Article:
There are many ways that a musician can get paid for their music. Music distribution is simply the process of recorded music reaching consumers. Technology has changed the distribution ecosystem, and there are plenty of options for independent artists that don't involve a record label.
Throughout the years, music distribution has transitioned from a physical to a digital format. It is of the utmost importance that an artist both understands and utilizes the new and different ways that they can get their music out to the public. As part of the A3C Festival & Conference, a seminar was held focusing primarily on the current options of music distribution.
The panelists at the Music Distribution: Exploring New Models seminar were Odell Simmons, Jonathan Master and Griffin, all industry experts in the field of distributing music. These experts elaborated on unique tactics to get your music out there. Odell Simmons stressed that the music video is very important when it comes to distributing music, and that some consumers are more focused on the video than the actual audio, so having great visuals that accompany your single or album will only help when it comes to pushing your product.
Stations like Music Choice have made it their business to merge music and video. Also, music streaming has become an integral part of hip-hop. Questions were asked to all three panelists about music streaming and how they felt about how it translated to sales for the artist. All three agreed unanimously about musicians being able to be paid off streaming, because that is the way that music is commonly consumed in this day and age. People aren’t buying albums anymore, they’re streaming singles and projects on various media platforms, and it’s only right that artists be compensated for that.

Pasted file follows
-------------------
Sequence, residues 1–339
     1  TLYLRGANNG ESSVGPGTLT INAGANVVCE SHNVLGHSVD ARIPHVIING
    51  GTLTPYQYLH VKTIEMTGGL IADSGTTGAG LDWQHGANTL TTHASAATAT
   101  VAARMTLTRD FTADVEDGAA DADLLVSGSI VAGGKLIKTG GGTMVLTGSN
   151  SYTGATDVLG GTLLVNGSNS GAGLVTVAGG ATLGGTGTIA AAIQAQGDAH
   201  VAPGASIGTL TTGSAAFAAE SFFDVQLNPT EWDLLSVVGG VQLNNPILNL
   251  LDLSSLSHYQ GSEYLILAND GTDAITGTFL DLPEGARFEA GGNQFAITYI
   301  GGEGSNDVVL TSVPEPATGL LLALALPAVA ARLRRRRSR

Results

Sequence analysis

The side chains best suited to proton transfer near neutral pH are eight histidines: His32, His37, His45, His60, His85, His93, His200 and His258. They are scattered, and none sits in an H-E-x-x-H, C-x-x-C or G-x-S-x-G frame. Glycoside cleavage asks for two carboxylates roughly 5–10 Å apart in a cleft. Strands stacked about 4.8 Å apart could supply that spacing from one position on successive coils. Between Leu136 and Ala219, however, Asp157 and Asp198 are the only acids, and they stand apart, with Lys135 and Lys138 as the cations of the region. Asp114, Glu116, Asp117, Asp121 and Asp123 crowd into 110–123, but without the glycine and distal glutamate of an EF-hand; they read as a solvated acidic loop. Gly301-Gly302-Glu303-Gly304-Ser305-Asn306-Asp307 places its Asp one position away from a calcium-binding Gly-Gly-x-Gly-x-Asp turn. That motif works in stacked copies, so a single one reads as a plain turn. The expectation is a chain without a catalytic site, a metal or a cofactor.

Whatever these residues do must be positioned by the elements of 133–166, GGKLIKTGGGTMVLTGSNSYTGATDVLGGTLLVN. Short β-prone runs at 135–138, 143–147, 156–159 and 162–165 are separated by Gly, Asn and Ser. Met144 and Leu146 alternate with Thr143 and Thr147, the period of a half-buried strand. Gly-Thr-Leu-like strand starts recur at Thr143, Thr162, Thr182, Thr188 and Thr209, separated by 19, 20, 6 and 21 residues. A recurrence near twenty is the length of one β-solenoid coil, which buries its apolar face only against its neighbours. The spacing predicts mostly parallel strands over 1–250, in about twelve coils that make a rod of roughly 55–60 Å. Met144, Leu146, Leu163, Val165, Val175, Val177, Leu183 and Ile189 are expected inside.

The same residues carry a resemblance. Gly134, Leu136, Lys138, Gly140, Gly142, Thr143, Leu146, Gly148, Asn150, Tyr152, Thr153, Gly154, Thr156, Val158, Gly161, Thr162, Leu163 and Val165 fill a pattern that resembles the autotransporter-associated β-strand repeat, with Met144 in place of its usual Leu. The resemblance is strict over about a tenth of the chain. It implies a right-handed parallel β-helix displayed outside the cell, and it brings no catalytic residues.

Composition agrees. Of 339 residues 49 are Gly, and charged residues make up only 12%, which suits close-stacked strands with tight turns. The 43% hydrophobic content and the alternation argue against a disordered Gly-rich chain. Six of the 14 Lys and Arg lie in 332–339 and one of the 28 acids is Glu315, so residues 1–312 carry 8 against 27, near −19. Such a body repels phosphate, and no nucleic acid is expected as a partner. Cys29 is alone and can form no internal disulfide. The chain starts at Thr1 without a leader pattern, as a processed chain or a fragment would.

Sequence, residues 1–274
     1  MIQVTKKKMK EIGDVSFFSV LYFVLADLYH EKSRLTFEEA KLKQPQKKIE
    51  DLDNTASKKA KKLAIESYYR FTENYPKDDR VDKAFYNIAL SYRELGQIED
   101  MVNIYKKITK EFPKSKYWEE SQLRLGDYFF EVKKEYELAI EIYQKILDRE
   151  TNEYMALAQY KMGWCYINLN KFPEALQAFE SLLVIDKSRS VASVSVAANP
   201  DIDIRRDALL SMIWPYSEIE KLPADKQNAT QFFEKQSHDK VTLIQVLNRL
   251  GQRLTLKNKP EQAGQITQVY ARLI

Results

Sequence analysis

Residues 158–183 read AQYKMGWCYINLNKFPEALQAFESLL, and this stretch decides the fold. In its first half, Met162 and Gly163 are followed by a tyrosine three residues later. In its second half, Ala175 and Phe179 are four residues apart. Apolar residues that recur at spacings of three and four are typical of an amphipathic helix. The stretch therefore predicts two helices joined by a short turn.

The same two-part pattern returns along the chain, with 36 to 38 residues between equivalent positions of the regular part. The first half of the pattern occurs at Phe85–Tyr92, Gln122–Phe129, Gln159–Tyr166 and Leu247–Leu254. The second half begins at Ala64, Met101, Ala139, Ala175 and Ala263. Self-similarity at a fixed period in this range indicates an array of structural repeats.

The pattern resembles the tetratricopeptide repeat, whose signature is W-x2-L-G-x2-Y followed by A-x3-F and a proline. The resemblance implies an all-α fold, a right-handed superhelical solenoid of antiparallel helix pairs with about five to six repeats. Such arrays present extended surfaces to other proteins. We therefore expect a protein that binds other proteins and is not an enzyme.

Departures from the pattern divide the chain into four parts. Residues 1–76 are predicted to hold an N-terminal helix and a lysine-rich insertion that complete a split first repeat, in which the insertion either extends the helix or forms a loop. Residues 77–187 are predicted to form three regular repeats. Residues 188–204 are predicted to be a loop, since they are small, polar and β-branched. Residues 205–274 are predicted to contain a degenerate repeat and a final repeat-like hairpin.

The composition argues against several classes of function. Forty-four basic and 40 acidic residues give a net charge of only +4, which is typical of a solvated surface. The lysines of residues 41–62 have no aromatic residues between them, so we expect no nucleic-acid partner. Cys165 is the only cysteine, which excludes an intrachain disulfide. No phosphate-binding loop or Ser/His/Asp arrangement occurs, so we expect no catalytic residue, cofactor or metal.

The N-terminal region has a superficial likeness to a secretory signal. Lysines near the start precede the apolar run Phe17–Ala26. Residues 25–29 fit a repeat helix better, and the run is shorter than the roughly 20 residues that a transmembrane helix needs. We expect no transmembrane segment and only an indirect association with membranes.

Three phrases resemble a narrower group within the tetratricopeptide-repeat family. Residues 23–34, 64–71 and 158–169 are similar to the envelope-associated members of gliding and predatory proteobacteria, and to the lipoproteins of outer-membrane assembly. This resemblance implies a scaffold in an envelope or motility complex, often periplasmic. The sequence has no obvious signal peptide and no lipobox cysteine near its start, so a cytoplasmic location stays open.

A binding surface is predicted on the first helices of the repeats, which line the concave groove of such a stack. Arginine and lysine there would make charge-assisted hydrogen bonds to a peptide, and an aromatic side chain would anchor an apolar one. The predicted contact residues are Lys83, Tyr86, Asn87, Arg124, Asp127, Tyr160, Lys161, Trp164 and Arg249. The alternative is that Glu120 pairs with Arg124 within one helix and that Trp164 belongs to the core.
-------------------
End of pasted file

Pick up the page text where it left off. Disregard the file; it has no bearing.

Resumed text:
Griffin of CD Baby briefly discussed the pros of signing up for that website. As the “Amazon of music distribution”, CD Baby gives the artist the opportunity to get their product from the studio directly to the consumer. This seminar was very insightful and each panelist gave great options for artists to distribute their music. It’s a new day for hip-hop in the digital age. You can either adapt, or fail. The choice is yours.